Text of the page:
News in Brief: Origin of Cocoa Dated to 600 B.C.

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Chocolate has been found in 2,600-year-old Mayan pottery, a UC Berkeley professor and her graduate student confirmed in a study published July 18.

The analysis of the vessels, released in Nature, showed that the vessels contained theobromine and caffeine, components of cocoa.

Up until now, the most ancient residues of cocoa were from a Mayan tomb and were dated from 460 to 480 A.D. The newly-found vessels were dated from 600 B.C. to 250 A.D. and came from Belize.

"Specialists in Mesoamerica have long accepted the argument that the word 'cacao' spread in the region around 1000 B.C., when the Gulf Coast of Mexico saw the first complex society, that of the Olmec," said UC Berkeley anthropology professor Rosemary Joyce, who was involved in the study, in a statement.

Of the fourteen vessels found, eleven were cleaned. Archeologists were unable to analyze three of the vessels because of their narrow necks. It is unknown whether the other vessels also contained cocoa.

Cocoa is made from the beans of the tropical plant Theobroma cacao. It was considered a favorite drink of both the Mayan and Aztec civilizations.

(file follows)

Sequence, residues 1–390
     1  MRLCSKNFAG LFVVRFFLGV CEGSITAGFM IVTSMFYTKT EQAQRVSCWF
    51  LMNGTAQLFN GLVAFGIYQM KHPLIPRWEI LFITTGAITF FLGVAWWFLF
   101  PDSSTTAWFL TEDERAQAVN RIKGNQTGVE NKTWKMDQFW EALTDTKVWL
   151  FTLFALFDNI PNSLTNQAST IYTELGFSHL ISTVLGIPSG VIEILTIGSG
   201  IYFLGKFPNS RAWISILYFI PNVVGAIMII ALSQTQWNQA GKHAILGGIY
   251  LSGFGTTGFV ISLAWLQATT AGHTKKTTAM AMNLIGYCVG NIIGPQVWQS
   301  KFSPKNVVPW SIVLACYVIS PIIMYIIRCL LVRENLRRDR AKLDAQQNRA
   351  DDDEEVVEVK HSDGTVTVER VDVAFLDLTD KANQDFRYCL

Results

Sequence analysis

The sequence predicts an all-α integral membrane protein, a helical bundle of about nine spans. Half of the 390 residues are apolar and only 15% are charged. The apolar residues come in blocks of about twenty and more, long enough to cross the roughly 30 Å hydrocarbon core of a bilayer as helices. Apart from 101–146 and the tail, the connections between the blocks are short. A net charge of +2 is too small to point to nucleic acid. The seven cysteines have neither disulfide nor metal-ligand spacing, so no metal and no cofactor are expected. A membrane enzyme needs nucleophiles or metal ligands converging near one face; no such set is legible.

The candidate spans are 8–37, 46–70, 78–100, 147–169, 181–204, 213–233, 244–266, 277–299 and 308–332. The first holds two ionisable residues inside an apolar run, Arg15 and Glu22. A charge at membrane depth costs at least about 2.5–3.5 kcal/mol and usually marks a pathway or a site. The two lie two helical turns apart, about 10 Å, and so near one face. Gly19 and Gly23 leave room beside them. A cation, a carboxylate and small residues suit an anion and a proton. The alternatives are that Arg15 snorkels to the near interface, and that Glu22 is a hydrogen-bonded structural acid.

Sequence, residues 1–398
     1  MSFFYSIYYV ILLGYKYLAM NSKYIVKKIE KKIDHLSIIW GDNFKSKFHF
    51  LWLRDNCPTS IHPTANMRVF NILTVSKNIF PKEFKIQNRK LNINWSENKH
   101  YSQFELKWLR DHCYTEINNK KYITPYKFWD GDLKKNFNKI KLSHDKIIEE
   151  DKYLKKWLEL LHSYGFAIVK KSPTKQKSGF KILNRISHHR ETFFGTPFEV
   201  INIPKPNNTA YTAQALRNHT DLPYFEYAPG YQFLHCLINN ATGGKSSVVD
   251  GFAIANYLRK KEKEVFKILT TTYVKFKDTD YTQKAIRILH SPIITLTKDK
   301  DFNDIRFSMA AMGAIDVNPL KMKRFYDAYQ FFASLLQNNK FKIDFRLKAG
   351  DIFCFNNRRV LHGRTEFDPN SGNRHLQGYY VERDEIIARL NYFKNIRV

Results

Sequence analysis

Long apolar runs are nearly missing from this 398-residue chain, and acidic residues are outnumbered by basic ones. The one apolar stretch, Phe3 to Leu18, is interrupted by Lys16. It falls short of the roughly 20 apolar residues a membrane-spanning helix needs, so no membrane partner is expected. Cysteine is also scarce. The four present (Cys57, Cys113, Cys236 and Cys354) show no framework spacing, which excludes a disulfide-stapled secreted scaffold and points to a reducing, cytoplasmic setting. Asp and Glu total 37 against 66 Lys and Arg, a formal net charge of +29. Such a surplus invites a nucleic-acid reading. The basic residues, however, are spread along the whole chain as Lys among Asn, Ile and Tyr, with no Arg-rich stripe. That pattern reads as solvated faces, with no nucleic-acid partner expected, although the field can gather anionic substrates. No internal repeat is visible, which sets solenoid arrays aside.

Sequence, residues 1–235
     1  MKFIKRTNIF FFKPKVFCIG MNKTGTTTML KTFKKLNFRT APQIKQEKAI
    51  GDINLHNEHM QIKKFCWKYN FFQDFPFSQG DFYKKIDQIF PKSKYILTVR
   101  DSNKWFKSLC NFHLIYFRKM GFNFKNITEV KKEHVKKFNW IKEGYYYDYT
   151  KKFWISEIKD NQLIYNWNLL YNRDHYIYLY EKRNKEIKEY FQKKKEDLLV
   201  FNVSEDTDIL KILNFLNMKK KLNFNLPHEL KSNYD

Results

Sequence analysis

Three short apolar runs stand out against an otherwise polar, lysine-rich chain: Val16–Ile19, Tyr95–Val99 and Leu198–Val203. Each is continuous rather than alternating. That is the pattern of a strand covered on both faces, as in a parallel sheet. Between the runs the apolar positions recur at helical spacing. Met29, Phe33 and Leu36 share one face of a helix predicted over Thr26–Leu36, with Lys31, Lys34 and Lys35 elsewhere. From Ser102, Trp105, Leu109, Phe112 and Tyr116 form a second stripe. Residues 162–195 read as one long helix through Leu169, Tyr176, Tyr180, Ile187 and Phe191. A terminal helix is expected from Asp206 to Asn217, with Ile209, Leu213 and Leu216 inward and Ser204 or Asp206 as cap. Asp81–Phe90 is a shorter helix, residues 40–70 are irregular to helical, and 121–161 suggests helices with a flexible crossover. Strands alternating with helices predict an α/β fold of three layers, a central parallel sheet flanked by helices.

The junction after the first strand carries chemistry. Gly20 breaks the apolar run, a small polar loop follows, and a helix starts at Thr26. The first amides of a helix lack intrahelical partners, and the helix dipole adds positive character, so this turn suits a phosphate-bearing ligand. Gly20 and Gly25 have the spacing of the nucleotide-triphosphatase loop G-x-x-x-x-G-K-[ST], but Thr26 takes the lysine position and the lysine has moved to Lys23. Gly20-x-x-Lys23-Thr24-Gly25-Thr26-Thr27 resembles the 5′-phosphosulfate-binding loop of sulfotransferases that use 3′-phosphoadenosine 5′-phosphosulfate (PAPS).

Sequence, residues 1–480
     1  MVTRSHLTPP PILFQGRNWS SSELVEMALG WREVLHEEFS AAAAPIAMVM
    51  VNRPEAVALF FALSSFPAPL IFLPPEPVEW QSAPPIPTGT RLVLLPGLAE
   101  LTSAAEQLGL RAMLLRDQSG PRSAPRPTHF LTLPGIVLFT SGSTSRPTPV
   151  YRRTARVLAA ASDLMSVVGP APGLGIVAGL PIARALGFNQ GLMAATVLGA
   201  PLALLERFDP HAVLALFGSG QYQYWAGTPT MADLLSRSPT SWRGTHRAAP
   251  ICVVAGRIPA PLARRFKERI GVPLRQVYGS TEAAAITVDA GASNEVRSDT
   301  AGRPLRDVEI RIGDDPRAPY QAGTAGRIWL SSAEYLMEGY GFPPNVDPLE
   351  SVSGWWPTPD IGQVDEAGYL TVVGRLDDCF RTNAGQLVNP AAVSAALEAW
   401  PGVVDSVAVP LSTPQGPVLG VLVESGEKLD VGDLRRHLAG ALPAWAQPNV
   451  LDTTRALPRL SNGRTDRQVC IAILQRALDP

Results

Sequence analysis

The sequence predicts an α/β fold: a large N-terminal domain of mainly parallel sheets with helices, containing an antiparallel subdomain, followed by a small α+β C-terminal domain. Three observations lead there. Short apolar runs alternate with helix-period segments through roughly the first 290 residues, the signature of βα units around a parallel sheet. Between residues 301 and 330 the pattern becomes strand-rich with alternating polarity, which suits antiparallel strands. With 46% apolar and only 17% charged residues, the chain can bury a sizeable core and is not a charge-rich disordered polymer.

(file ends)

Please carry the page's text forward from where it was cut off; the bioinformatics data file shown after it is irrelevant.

Leah Jin

EPA Declares Tritium Levels Safe

Lawrence Berkeley National Laboratory is not considered a danger to Berkeley citizens by the U.S. government, officials announced last Thursday.

The Environmental Protection Agency announced the lab is no longer a potential Superfund site.

The EPA said Thursday its analysis of air, water and soil samples indicate the lab posed no risk to the public.

The lab is closing down its tritium labeling facility. For several years, it had used tritium, a radioactive isotope of hydrogen.

"The good news is that sampling continues to show people living and working in and around the lab are not being exposed to harmful levels of tritium," said EPA Regional Administrator Wayne Nastri.

Many Berkeley residents claim the lab releases a dangerous amount of tritium and rejected the government's findings.

"I think this was a political decision," said Berkeley Environmental Commissioner Lauren Moret. "The entire process is corrupt, the Lawrence Berkeley Laboratory is corrupt."

The government found tritium levels above the federal cleanup standard in one groundwater monitoring well, but the water is not used for drinking.


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